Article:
Alcoholism in lawyers seems to be more common than in the general population, with around one-fifth of lawyers demonstrating hazardous levels of drinking.
There are certain professions where alcoholism and substance abuse are seen at higher rates than others. This doesn’t mean that the profession itself causes addiction, but rather that the rates of addiction in this profession may be higher when compared to other professions or people in the general population.
One profession in which alcoholism or alcohol use disorders are especially common is the legal profession. More specifically, lawyers are at increased risk of developing problems with alcohol when compared to other professionals.
Article at a Glance:
- Statistics show that drinking is more common among lawyers than in the general population.
- About one-fifth of lawyers demonstrate signs of hazardous drinking, which can include alcohol abuse and dependence.
- Depression, anxiety and high stress are common among lawyers, which may contribute to alcohol abuse in this profession.
What Is the Alcoholism Rate for Lawyers?
It is difficult to determine the exact alcoholism rate for lawyers, but recent studies do provide an estimate. For example, a 2016 study in the Journal of Addiction Medicine surveyed upwards of 12,000 American lawyers and found that 20.6% of them, or right around one-fifth, engaged in drinking at a hazardous level. Another noteworthy finding in this study: 84.1% of the attorneys had consumed alcohol in the prior year, compared to 69.5% of adults in the general population.
Lawyers & Alcoholism
This study mentioned above was sponsored by the ABA Commission on Lawyer Assistance Programs. It was the first study of its kind to assess substance abuse and behavioral health concerns among lawyers at the national level.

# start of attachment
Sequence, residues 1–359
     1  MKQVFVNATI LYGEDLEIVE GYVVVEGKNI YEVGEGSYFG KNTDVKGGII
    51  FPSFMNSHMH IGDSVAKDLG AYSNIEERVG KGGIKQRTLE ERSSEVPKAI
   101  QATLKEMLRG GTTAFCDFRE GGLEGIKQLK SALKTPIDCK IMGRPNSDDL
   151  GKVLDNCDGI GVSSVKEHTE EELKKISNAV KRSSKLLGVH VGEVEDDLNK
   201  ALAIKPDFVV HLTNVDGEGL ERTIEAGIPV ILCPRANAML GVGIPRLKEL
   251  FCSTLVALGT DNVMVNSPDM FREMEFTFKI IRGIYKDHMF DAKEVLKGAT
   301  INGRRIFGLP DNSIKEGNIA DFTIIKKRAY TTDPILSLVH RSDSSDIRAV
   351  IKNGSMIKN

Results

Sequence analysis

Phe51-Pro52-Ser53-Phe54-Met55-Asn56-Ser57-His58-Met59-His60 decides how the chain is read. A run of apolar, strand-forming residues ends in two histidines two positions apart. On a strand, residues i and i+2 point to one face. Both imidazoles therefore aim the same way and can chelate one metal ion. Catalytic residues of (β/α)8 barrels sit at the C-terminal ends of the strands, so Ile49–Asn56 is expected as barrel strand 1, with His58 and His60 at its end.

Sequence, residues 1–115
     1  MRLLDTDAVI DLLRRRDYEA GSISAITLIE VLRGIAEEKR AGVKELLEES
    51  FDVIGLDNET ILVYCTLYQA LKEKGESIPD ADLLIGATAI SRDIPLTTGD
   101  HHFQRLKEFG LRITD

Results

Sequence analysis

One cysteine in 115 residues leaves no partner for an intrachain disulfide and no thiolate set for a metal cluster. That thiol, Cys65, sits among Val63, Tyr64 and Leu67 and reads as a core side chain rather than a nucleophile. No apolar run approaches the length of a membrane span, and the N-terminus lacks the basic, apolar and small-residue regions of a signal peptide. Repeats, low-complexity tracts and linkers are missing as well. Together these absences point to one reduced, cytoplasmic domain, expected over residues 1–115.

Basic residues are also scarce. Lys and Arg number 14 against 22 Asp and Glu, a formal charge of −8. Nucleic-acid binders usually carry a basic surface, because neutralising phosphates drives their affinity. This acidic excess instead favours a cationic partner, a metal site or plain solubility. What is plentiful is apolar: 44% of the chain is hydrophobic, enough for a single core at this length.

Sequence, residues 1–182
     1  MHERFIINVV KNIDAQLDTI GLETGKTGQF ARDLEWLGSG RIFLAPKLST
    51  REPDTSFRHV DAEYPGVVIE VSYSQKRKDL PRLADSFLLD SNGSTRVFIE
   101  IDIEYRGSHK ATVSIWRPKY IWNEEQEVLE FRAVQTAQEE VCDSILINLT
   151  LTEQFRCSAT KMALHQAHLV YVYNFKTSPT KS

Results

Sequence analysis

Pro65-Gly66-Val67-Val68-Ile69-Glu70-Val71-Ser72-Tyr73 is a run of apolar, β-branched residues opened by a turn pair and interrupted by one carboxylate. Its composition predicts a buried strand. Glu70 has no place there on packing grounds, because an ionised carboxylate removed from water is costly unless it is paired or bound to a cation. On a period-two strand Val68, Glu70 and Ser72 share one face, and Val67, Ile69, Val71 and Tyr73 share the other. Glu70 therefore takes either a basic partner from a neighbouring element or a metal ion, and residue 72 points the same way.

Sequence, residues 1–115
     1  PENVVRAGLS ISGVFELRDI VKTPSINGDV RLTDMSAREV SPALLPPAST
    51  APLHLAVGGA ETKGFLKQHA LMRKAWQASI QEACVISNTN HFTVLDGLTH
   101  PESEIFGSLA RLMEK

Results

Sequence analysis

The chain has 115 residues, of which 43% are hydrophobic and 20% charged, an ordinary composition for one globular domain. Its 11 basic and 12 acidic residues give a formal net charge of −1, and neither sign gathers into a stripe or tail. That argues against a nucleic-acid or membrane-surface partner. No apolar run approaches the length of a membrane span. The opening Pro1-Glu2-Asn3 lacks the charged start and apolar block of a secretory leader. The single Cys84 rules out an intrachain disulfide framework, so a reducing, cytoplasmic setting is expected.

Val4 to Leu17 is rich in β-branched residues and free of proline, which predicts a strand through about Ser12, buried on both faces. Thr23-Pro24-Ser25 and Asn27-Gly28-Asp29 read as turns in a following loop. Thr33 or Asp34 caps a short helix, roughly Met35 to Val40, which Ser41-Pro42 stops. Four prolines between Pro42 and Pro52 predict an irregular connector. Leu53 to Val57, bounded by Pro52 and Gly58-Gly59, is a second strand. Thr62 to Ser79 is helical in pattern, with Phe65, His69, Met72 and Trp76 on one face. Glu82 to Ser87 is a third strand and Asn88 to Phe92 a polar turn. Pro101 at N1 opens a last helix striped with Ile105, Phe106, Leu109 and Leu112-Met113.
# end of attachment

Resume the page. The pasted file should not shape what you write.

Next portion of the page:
Study participants completed the Alcohol Use Disorders Identification Test (AUDIT), which the World Health Organization uses as its primary screening tool for alcohol use disorders. Scoring at or above a cut-off score of eight indicates hazardous drinking, including possible alcohol abuse or dependence.
According to the research, nearly 21% of participating lawyers and judges had problems with alcohol use; however, when the questions were focused only on how often and how much the participants drank, 36.4% were seen as hazardous drinkers. This means one in three practicing lawyers is a problem drinker when considering the frequency and quantity of alcohol consumption. This rate is high compared to the general population, in which only 5.3% of people aged 12 and up have an alcohol use disorder in 2019.
Keep in mind that a score in the hazardous drinking range on the AUDIT does not necessarily mean that someone has an alcohol use disorder. Still, given the high prevalence of hazardous drinking among lawyers, we can expect that their rates of alcoholism are higher than in the general population. Other findings included:
Keep in mind that a score in the hazardous drinking range on the AUDIT does not necessarily always mean that someone has an alcohol use disorder, but given the high prevalence of hazardous drinking among lawyers, we can expect that their rates of alcoholism are higher than in the general population. Other findings included:
- Lawyers in private firms had the highest rates of hazardous drinking (23.4%).
- Junior associates had the highest reported problem drinking (31.1%), followed by senior associates (26.1%) and junior partners (23.6%).
- 28.1% of participating lawyers in their first ten years of practice demonstrated signs of a drinking problem, compared to 19.2% of lawyers in their second decade of practice.
Some believe that the drinking problems might begin in law school, but 44% of lawyers who participated in the study said their problematic drinking habits started in their initial 15 years of being in practice. This indicates that starting a legal career can be correlated with an increased chance of developing hazardous drinking habits.
Why Is the Alcoholism Rate for Lawyers So High?
Some people may theorize that alcohol abuse occurs in lawyers because of a culture that promotes drinking to socialize and connect with clients. While it is difficult to find data supporting this theory, what is easier to defend is the theory that stress and mental health issues can contribute to addiction in lawyers.